His skating ability is being pegged as his one flaw. But it's hard to look at a guy's skating ability and knock him on that, when that's not his game to begin with. His game is creating down low and on the perimeter, and looking for guys streaking to the net.

It's arguable that given his physical style of play, he will face a rough transition to the NHL.  However, it's also arguable that 360 points in 210 games translate to any league.

 

Across the pond, we take a peek at a guy who a lot of scouts have ranked number one, a guy who is already drawing comparisons to Niklas Lidstrom.

Big shoes to fill, indeed.

 

Victor Erik Olaf Hedman

Hedman hails from Ornksoldsvik, Sweden. The 6'6", 220-pound defenceman shares his birth place with some other NHL stars—Markus Naslund, Peter Forsberg, and Henrik and Daniel Sedin, to name a few.

Not bad for a community of about 50,000.

This guy is a behemoth.  Standing nearly 6'9" on the ice, he can stare over the heads of most opponents. He also owns a quick set of feet and is a great puck mover—rare commodities for a guy in his frame.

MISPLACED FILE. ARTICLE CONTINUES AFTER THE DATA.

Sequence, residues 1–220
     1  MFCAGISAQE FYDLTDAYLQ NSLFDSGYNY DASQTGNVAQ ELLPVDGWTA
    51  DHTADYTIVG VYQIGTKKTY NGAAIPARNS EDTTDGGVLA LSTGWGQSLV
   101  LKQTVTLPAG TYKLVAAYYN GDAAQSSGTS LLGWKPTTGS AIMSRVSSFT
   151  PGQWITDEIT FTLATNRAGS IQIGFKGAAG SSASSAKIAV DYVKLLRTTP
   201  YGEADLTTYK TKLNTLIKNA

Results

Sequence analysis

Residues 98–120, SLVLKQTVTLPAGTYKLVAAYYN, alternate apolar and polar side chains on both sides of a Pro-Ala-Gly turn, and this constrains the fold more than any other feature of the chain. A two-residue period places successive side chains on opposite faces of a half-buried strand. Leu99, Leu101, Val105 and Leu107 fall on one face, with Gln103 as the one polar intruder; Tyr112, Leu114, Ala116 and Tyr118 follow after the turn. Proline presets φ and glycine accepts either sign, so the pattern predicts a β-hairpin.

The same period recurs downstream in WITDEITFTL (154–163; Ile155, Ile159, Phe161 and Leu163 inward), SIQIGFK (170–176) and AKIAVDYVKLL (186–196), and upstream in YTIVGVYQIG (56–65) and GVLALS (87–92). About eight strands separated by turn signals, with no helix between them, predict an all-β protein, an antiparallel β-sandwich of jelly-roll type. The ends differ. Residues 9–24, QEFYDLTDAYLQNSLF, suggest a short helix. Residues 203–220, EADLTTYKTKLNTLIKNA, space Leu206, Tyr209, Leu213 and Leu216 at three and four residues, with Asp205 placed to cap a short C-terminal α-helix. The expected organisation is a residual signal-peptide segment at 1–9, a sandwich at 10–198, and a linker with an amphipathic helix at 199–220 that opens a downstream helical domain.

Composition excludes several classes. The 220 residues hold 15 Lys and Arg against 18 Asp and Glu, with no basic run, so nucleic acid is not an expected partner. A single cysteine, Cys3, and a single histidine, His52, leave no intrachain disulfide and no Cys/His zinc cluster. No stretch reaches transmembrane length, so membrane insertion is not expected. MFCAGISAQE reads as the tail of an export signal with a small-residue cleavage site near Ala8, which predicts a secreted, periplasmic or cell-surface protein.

Another positive to his game is his inherent ability to play with a nasty streak. Playing with some dirtiness never hurt anybody—after all, this is hockey. Look for his physical play to be a big positive in his game.

The scariest part, perhaps, is that Hedman is considered an offensive defenceman.

The young Swede scored 28 points in 35 games for MODO's under-20 team two years ago, before being promoted to the senior team the following year. This season, Hedman has two goals to go along with eight points in his first 19 games.

Admittedly, I have seen less of the hulking Swedish blueliner than Tavares. However, from the games I've seen him play, I get the feeling this kid will make the jump straight in to the NHL.